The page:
CASTLE IN THE AIR
Wish Magazine 2 October 17
Story by Mitchell Oakley Smith
For her fourth annual temporary events space in Melbourne, Naomi Milgrom has commissioned legendary Dutch architect Rem Koolhas, for whom the structure's transience is all part of the charm.
The most innovative architectural projects tend to be driven by the private sector. That's not to say that local and state governments are inept at commissioning standout buildings, but that the roadblocks to get there are so significant that they often have the effect of hindering the creative process. Legendary Dutch architect and urbanist Rem Koolhaas, of the Office for Metropolitan Architecture, says this is particularly the case in Australia. "You have this unbelievably rigid separation between the public and private sectors and the way they work together," he tells WISH. "It doesn't do anything to reinforce each other's strengths, and I think if the private and public were in more of a dialogue than debate that you would get a more complete composition in terms of the city."
Naomi Milgrom, the Australian arts philanthropist and owner of the Sussan Group, has brought Koolhaas to Australia as part of her annual architecture pavilion commission, MPavilion, which sits within the grounds of Melbourne's Queen Victoria Gardens. "We want to support people, projects and ideas that increase public engagement with art, architecture and design," explains Milgrom of her namesake foundation. "MPavilion brings this philosophy to life, not only in a local context but in a global sense, too, [promoting] Melbourne as the creative and design capital of Australia and a major cultural destination in the Asia-Pacific region." And, she adds, it's a catalyst for creative collaboration between the private and public sectors for the benefit of everyone. "It's about fostering new opportunities for collective creativity," says Milgrom.
A four-year program, MPavilion is a temporary event hub comprising free talks, workshops, performance and installations through the spring and summer months, and is each year designed by a different architect, with previous commissions by Sean Godsell Architects, Stirling Prize winner Amanda Levete and Bijoy Jain of Studio Mumbai. The results vary dramatically, altering the experience for visitors each time. Levete's design, for example, comprised a forest-like canopy of translucent petals, each of them 5m in diameter and just a few millimetres thick, supported by slender columns that swayed in the breeze. By night, the petals omitted a halo-like effect with the use of an LED strip forming the capital of the column. Godsell's, by contrast, represented a piece of flat-packed furniture: a box-like structure with panels that raised to reveal the space within, blurring the line between indoors and out.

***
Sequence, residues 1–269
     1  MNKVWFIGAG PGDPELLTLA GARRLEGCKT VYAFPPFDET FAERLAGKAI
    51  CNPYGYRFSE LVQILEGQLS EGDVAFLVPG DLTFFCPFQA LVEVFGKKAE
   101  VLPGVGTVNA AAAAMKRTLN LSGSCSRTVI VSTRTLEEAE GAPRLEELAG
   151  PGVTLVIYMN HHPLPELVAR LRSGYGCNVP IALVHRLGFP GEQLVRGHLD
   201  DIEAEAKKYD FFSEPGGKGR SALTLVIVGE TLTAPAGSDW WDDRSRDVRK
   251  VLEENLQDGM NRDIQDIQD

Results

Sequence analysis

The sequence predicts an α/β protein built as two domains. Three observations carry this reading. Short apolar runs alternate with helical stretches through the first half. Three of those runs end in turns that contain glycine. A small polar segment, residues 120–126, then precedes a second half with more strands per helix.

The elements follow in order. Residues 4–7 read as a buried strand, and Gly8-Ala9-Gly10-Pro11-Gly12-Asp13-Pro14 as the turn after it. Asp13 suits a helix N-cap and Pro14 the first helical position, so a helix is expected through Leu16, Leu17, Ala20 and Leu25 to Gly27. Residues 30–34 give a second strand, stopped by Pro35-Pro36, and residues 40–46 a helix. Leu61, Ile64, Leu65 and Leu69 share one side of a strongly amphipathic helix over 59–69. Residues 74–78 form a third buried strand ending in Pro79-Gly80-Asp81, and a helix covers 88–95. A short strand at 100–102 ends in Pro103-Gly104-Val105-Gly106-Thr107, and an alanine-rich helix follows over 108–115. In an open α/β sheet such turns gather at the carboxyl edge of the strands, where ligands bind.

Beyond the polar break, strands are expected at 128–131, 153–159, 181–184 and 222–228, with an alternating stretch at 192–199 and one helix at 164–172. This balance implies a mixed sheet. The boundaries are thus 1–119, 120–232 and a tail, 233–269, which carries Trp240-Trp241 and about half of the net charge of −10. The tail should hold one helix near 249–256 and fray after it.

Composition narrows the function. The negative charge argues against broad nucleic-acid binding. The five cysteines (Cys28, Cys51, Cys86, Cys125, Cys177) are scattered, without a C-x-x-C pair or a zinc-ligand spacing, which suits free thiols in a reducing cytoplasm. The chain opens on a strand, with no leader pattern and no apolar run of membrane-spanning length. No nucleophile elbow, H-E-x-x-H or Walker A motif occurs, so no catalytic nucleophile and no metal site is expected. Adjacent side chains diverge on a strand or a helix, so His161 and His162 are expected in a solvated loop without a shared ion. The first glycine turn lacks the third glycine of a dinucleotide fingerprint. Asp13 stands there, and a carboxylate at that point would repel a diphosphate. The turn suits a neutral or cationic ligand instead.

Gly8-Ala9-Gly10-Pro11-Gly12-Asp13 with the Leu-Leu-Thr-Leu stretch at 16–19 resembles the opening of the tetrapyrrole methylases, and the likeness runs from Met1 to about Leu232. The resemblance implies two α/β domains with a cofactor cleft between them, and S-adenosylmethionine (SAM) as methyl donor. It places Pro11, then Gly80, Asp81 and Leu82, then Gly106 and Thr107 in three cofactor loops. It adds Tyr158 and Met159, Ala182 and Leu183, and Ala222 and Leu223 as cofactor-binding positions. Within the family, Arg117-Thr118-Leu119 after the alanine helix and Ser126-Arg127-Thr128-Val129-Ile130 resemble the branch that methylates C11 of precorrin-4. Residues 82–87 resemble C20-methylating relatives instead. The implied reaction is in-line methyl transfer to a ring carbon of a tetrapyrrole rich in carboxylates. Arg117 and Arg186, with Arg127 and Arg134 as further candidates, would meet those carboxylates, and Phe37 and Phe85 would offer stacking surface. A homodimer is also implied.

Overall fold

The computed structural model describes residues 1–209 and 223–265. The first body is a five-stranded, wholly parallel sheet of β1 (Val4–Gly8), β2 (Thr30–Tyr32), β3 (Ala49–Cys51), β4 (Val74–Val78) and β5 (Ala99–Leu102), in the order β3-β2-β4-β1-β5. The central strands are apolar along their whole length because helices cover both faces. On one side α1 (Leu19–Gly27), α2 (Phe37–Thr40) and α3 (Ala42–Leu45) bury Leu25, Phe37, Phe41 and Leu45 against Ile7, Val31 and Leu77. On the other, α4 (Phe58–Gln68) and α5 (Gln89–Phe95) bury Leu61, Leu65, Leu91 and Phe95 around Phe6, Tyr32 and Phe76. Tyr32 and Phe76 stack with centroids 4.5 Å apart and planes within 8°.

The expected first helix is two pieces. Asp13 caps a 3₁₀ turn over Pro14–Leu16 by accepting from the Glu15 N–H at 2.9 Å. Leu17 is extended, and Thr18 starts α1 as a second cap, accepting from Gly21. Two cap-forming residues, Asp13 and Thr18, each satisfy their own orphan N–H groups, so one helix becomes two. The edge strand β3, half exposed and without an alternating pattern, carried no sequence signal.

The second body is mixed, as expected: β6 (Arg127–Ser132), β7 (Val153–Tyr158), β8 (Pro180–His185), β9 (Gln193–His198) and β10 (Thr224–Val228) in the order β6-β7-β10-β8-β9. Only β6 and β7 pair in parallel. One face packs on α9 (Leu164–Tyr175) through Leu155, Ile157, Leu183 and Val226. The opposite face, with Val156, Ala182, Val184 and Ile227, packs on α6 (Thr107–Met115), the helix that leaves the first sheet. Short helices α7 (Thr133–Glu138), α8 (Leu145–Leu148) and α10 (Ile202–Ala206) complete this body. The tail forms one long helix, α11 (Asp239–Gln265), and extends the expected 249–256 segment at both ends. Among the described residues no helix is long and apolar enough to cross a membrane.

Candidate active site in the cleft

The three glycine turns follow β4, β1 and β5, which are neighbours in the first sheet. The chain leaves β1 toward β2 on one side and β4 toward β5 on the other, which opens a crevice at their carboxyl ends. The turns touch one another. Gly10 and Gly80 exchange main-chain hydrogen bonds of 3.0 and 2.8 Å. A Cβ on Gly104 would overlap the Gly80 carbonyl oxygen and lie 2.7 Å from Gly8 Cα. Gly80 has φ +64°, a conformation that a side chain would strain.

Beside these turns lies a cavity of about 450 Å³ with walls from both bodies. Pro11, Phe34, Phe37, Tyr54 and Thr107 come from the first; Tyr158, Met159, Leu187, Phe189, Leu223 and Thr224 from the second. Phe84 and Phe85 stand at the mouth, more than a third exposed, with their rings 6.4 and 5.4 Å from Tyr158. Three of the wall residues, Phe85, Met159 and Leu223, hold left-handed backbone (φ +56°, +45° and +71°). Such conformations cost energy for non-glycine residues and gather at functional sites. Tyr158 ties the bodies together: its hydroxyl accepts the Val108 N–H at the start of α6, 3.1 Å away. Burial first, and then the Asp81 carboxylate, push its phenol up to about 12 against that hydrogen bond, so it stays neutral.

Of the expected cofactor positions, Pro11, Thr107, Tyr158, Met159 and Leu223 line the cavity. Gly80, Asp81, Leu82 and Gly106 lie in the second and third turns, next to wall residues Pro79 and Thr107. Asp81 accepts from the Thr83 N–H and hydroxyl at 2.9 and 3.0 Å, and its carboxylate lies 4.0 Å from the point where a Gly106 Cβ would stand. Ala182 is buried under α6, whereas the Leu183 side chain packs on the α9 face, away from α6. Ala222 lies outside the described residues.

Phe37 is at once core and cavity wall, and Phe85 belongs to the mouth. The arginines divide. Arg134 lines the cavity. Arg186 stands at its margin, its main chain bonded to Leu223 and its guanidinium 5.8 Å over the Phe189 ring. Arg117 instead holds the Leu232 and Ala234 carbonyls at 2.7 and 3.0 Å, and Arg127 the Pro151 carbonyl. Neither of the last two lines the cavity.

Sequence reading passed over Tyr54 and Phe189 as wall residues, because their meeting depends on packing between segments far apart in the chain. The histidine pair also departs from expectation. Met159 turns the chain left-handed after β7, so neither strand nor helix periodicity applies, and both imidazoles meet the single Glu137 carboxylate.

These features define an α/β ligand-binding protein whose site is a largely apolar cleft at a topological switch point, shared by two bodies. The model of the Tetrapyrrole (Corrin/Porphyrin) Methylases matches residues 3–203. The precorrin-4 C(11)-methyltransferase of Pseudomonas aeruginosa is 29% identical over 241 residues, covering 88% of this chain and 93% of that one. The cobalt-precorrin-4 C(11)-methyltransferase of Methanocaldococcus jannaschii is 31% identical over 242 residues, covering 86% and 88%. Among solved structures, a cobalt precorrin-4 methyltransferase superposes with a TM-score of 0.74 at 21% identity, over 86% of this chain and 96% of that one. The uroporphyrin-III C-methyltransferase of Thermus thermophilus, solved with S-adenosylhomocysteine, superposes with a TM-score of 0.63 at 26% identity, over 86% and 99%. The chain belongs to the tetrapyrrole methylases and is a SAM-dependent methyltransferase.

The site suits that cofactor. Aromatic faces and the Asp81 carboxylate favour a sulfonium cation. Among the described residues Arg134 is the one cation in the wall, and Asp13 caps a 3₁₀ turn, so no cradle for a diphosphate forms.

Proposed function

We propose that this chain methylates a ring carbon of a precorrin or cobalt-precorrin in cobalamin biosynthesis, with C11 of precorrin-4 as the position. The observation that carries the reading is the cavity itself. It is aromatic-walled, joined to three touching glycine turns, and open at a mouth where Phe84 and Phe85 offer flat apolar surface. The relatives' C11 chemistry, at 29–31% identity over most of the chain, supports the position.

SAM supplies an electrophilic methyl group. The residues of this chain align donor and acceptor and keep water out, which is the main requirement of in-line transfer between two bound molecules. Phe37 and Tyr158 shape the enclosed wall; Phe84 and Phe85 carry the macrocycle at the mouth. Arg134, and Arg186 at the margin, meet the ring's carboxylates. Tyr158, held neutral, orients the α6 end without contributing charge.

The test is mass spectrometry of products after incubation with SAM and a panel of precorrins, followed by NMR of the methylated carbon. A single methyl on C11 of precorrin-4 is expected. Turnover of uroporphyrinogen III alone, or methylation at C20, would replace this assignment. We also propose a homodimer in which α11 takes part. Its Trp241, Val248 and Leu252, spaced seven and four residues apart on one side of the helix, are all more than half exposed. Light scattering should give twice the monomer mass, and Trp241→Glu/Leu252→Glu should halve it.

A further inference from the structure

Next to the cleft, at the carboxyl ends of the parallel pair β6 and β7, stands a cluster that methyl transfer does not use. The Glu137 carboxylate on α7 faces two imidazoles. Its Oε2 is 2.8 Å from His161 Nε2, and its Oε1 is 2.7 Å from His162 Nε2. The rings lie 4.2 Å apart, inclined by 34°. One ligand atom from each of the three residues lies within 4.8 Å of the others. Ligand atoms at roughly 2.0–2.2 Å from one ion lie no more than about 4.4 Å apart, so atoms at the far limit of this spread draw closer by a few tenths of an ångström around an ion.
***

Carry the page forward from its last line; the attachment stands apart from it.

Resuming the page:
"Having a different architect design MPavilion each year has enabled visitors to experience their surroundings through the different lenses of some of the world's best design minds," Milgrom says. "The architect is chosen on the basis that they have an extraordinary ability to encourage challenging debate and dialogue around design, and to make a meaningful contribution to urban innovation and the creative industries in Victoria." The projects often live on, too: Levete's pavilion now lives permanently at the Docklands end of Collins Street, while Jain's design will soon reopen within the grounds of Melbourne Zoo. A recent collaboration with the Google Cultural Institute allows viewers outside of Melbourne to tour the previous pavilions, fusing architecture and technology in the same way that major international institutions such as the British Museum and the Guggenheim have expanded their audiences.